Woodhouse College
Alica Derome Rebecca Saul

Medicine students get Jack Petchey award

Dated: 24 April 2019

Sahfiqa and Dilber with their awards 
It’s Jack Petchey Foundation award season again and our first set of worthy winners this month are future medicine students Sahfiqa Raufi and Dilber Bulut, who have been instrumental in FGM (female genital mutilation) awareness at the college and additionally promoting ACLT (the African Caribbean Leukaemia Trust).
Dilber said “We both got involved as ambassadors with the FGM project as part of Woodhouse Plus - the extracurricular scheme here - and in our first year signed up for our Wednesday afternoons.”
The girls worked with FORWARD (Foundation for Women’s Health Research and Development) which is the leading African women-led organisation working on female genital mutilation, child marriage and other forms of violence against women and girls in the UK and Africa. FORWARD are committed to safeguarding the rights and dignity of African girls and women through community engagement, women’s empowerment, training of professionals, research, and international advocacy.
Sahfiqa said “We helped design and plan events at Woodhouse to raise awareness and discussion about issues surrounding FGM and we’ve highlighted that it’s happening in the uk too.”
Dilber added “Basically, we’ve given a voice to students who need it and made it less of a taboo subject at the college. Anyone with concerns about FGM know that they can discuss it at college and seek any help and advice they need.”
African Caribbean Leukaemia Trust (ACLT) is an independent charity based in the UK which strives to provide a life line for those suffering from blood related cancers such as Leukaemia and other life-threatening disorders. Once a year they come to Woodhouse as part of a donor drive.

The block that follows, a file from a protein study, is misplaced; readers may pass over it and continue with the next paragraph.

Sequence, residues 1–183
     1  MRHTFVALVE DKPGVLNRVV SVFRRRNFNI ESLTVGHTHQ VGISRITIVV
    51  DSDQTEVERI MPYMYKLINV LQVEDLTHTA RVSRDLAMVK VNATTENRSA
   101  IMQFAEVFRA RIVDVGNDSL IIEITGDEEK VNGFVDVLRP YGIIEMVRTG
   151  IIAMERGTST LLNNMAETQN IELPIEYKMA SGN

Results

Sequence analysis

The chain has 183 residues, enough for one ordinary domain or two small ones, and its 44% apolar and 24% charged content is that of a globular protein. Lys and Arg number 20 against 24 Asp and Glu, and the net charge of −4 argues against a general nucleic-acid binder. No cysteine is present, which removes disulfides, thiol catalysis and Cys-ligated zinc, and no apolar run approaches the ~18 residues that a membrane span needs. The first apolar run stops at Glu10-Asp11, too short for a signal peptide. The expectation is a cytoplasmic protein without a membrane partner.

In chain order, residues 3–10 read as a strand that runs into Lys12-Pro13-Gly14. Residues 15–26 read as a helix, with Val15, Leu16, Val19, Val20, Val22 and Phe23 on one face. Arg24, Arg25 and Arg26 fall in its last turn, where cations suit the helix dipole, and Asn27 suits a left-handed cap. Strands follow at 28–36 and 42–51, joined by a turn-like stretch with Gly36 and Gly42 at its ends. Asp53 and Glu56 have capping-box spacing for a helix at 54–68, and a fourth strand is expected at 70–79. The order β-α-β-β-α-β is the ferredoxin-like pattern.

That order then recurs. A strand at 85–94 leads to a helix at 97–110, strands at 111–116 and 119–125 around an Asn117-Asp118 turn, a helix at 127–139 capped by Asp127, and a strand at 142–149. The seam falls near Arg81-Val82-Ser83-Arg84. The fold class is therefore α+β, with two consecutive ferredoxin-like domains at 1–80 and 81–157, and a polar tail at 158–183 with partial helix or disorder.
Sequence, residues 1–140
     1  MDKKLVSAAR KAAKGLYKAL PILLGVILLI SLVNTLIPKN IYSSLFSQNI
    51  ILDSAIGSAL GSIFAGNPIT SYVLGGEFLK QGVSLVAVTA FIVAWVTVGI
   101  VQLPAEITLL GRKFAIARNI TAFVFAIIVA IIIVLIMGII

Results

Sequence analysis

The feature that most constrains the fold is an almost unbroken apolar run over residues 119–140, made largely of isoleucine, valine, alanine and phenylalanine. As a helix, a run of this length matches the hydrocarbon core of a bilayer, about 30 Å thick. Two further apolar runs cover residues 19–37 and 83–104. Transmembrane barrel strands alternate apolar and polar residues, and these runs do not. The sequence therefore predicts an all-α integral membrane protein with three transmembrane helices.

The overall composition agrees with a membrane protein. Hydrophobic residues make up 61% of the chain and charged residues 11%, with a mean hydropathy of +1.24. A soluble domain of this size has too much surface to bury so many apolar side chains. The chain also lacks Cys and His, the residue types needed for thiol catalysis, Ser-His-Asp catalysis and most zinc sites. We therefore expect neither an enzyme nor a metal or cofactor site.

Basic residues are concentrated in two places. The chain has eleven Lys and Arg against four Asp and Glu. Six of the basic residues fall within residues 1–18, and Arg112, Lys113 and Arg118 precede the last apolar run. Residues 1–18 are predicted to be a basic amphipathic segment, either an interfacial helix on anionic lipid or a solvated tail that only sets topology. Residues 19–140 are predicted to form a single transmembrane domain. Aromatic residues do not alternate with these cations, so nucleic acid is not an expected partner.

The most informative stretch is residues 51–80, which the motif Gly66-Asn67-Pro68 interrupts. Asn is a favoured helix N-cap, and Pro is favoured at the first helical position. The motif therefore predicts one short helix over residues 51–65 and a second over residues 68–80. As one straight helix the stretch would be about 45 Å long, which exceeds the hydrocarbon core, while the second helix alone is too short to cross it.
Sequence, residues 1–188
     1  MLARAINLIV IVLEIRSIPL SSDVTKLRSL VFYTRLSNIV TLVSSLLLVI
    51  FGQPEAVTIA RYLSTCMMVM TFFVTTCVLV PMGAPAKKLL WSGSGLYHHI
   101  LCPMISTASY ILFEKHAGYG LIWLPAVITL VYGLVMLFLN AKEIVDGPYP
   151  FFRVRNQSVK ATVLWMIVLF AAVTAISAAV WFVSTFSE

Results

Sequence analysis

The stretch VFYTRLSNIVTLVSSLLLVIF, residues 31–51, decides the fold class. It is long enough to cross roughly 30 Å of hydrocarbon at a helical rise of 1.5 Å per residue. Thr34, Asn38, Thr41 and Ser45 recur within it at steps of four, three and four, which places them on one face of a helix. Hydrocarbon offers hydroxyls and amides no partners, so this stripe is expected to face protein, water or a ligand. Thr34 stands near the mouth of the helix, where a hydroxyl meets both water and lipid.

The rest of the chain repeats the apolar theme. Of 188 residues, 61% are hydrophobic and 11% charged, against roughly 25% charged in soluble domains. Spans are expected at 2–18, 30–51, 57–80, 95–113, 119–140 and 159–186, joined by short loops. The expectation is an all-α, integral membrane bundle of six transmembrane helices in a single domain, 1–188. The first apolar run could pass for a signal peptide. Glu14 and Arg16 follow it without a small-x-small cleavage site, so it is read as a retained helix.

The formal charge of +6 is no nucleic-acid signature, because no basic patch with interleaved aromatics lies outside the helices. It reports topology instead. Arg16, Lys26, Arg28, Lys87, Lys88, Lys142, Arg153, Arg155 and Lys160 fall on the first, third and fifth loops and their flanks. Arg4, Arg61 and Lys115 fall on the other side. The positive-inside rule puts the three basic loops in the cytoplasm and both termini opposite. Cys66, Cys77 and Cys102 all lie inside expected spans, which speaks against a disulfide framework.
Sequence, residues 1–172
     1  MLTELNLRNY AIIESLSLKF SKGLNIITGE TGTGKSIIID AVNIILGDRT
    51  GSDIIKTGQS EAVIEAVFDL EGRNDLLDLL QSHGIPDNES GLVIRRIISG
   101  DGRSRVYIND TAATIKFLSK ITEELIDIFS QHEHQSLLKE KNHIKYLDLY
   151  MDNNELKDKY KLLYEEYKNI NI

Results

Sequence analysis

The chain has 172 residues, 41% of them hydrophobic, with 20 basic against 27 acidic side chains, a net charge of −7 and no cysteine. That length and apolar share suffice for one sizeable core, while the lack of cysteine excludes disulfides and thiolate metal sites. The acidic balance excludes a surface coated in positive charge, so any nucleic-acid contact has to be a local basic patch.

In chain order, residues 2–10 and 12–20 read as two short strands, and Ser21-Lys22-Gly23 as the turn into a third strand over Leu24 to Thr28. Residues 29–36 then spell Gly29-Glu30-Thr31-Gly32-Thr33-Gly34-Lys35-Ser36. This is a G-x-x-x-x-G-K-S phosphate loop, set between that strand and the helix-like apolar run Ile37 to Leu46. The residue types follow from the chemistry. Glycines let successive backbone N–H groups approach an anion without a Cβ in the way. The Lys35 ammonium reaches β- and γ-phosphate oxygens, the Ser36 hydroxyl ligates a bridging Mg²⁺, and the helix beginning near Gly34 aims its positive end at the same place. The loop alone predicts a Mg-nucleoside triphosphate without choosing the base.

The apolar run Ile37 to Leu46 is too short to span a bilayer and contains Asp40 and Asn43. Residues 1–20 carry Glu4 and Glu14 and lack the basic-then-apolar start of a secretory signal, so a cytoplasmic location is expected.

Dilber explained their involvement. “We spread the word about ACLT using posters, taking about it and giving out leaflets at the college. And then, on the day, actively encouraging people to sign up with the ACLT crew. Last year we actually broke the college record for sign ups with 265 people pledging to offer stem cells, and did really well this year too. We both plan to volunteer for ACLT outside of college and for the long term and help at events elsewhere. We really understand how important their work is and the significance of people volunteering for them."
Dilber (who came to Woodhouse from Woodside High School) and Sahfiqa (from Sinners’s Academy) have a lot in common.
“We have basically worked our whole college life together” said Sahfiqa “We started off in year 11 when we met at a summer school and then met again on our first day at Woodhouse college. We both study chemistry and biology. We both want to be surgeons and found our work experience at UCLH together too.”
Both girls are very dedicated to a future medicine with Dilber hoping to study at Kings College London in September and Sahfiqa taking a gap year before applying. They have attended numerous medical workshops over their two years here, both in and out of college.
Dilber volunteered at Barnet Hospital last year for six months. “I was mainly helping with dementia patients and I also helped at a kidney dialysis centre for a few weeks. I volunteered at some other hospitals over the summer holidays last year too.”
Sahfiqa is currently volunteering at Whittingdon Hospital, “I started in their library, but that’s not what I’m really interested in, and have now switched over to the wards where I help out at meal times.
And how do they feel about getting a Jack Petchey Foundation award?
“We knew we were nominated (by Lisa Fry - Student Progress Manager & Wellness Coordinator at Woodhouse) but we were still surprised - we are really pleased to get the award but have no idea yet what we might spend the award money on. We will be talking with Lisa and see what we can come up with to benefit the college.”
We thank the girls for all of the very important work they have done at Woodhouse promoting health issues and wish them well in their upcoming exams.

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